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Keyword: ‘convergence-continuum’

Holiday Giving — Do Your Part

December 2nd, 2016 No comments

We’ve entered the giving season, so I thought I’d write about one organization, other than Playwrights Local that is, to which I’m giving my money.

I’m writing about a black box theater in the Tremont neighborhood of Cleveland. A theater company that changed my theatrical life, and radically altered my perception of how intimate, how powerful, how threatening, and how exhilarating theater can be.

petrol23I was introduced to convergence-continuum in 2007, when Mike Geither took me to see Chris Johnston’s play Spawn of the Petrolsexuals. The experience was fundamentally altering. Chris wrote a play about a dystopian, bombed-out landscape in which homeless superheroes fought brutal, oil-hungry Commandoids that I can only compare to the Enclave, for those of you familiar with Fallout. There was Angerboy, and Freegrrl, Ingen and Holyman. It reminds me, now looking back, of an early Eric Overmyer play, like Native Speech. The set the convergence created was a character in the play: fabricated steel structures, junk scattered, a broken television set, the massive east wall that was used as movie screen, a motorcycle, a garage door that really opened on Scranton Road, garbage cans, and the trap door near the west wall that leads to the cellar.

Lucy Bredeson-Smith, playing Darkangel—-a sort of black sorceress –- opens the trap door leading down to her underground lair and, as soon as she opens the door: the image of Darkangel looking down is on the movie screen east wall. I watch her descend away from me in the theater. I watch her descend toward me on the screen.

It was too meta. I was IN a B-movie and IN a real theater experience all at the same time. My head swelled to explode. The production was well-executed, but the feeling was raw. I went back two more times to see Chris’ play because I’d never seen anything like it. And this is what I hear whenever I take someone to convergence who has never been to convergence. The person who accompanies me is blown away, overwhelmed with a theater experience that they’ve didn’t know was possible: to be that close, to be that much a part of the experience, to feel so intensely.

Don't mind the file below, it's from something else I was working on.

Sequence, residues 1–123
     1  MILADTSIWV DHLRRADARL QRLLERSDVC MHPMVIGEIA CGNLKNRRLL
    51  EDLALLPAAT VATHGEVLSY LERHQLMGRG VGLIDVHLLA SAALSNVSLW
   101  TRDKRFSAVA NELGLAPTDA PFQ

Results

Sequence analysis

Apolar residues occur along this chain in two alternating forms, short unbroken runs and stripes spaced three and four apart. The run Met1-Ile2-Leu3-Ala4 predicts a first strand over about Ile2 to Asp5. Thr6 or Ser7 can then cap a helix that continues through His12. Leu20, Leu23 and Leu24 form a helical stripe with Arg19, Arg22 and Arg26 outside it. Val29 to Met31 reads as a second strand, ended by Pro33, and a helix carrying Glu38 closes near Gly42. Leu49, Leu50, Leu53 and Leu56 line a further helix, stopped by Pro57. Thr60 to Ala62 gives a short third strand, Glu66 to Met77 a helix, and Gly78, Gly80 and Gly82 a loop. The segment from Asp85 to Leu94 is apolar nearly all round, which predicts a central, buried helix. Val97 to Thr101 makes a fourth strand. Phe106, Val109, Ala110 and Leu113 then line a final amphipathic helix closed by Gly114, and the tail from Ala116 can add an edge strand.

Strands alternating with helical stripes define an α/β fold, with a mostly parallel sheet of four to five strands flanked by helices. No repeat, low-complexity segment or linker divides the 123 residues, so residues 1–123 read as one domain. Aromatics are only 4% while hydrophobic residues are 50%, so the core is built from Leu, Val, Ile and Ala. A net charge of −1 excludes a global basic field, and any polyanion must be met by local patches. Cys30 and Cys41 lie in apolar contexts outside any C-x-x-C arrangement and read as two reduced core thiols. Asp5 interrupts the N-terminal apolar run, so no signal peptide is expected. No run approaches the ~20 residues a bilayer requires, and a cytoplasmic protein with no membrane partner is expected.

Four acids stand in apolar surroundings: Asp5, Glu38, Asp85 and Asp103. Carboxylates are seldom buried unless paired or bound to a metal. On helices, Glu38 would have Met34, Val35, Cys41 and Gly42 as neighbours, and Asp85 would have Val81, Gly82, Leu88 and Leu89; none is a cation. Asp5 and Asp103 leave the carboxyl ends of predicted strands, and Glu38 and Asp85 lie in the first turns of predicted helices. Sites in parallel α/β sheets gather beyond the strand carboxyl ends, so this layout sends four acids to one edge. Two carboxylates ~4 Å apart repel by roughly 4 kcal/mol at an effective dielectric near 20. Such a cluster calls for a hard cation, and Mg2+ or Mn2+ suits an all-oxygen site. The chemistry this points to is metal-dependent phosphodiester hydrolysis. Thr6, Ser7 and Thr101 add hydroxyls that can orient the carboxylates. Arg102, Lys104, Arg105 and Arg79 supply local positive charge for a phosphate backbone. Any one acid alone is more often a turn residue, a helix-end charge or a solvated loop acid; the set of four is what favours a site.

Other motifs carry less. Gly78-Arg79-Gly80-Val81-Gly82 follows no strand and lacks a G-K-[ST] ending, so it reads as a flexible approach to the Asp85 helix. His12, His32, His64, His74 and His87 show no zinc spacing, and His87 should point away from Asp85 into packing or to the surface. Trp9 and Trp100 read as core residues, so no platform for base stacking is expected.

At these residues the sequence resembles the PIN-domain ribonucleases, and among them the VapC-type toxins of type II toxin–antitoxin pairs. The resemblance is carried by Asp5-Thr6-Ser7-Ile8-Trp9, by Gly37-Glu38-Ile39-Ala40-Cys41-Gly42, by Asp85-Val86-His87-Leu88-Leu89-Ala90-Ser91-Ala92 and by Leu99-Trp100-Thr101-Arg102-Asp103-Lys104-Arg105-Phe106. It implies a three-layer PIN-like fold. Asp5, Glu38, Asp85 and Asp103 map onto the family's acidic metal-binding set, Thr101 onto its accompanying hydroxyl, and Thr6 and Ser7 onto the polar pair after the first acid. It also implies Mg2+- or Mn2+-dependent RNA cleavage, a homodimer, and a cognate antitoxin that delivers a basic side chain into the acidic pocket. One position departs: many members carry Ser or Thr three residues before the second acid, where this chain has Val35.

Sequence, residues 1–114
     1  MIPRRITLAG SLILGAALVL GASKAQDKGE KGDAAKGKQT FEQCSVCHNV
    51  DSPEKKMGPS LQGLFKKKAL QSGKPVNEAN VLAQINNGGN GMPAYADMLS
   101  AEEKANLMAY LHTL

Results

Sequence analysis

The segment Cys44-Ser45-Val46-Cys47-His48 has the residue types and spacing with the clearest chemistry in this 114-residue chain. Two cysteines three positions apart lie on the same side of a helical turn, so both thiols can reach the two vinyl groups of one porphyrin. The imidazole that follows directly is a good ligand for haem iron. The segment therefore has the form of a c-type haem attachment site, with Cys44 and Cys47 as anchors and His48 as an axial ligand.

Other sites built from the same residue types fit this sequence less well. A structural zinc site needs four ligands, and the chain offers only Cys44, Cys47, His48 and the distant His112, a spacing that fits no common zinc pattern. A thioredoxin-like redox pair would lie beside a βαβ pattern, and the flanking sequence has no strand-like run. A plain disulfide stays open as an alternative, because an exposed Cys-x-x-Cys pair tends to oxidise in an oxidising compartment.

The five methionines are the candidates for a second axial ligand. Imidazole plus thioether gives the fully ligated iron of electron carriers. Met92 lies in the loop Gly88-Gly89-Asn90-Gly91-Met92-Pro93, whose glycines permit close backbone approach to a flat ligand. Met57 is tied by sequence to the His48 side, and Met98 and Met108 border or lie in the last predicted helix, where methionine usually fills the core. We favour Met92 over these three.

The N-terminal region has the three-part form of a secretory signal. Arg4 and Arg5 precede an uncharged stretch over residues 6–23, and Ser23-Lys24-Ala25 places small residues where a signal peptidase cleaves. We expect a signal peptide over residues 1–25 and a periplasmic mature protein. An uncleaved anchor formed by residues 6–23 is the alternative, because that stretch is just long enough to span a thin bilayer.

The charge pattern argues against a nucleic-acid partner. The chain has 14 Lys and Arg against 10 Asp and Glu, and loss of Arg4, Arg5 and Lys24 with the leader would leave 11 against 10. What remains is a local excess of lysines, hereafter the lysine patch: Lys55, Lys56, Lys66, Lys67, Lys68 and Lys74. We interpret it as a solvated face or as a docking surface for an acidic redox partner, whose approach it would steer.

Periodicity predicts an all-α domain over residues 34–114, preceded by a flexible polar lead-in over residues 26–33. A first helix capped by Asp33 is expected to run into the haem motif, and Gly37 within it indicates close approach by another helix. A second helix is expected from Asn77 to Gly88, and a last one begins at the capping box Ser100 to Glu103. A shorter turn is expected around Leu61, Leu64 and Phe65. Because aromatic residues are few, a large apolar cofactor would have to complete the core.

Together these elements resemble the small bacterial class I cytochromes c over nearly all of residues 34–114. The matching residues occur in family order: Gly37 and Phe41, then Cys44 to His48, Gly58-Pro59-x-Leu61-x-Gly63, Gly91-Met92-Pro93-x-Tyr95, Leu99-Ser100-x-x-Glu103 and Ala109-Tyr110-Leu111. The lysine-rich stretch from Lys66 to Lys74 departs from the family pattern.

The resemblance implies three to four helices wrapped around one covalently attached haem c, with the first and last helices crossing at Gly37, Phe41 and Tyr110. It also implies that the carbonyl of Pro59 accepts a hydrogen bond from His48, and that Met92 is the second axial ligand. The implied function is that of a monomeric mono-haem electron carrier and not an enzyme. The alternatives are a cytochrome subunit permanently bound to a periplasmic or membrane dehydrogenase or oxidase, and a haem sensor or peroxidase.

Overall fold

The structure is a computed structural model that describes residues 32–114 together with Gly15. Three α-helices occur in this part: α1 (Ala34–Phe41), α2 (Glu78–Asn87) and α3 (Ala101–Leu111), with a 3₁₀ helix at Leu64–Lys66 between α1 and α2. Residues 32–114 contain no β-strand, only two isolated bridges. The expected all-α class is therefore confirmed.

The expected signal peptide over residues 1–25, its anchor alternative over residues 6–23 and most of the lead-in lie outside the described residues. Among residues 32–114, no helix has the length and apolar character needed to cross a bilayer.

Convergence is a true ensemble company. It’s made up of passionate, wholly committed actors, directors, light designers, sound designers, playwrights, video designers, costumers, set designers, painters, box office managers, and musicians—all volunteers: virtually impossible to believe in many ways. And they are all successful!! Critically acclaimed productions! Awards for acting, design, productions! And all working for the production itself, and not some small rapacious little thing like money or notoriety or any self-proclaimed “groundbreaking” aesthetic.

So, besides this… why give? convergence-continuum, the theater company, doesn’t own The Liminis, the theater space, in which they create their magic worlds! The Liminis space itself, that was so unique to the production I described above—-the garage door, the trap door, the movie screen wall—-all of the three-dimensional feast of experiences possible in a location—-is at risk.

What if theatre weren’t a mirror reflecting the familiar, but an opening into unknown territory? What if there were no fourth wall? What if, instead of going to the theatre to watch a play, you crossed the threshold into the world of the play to experience it? Theatre that expands the imagination and extends the conventional boundaries of language, structure, space, and performance that challenges the conventional notions of what theatre is. What sort of theatre would this be?


I’m giving to convergence right now. Please give to them as well.

Snake Oil

September 25th, 2015 No comments

Snake Oil

Snake Oil by Arwen Mitchell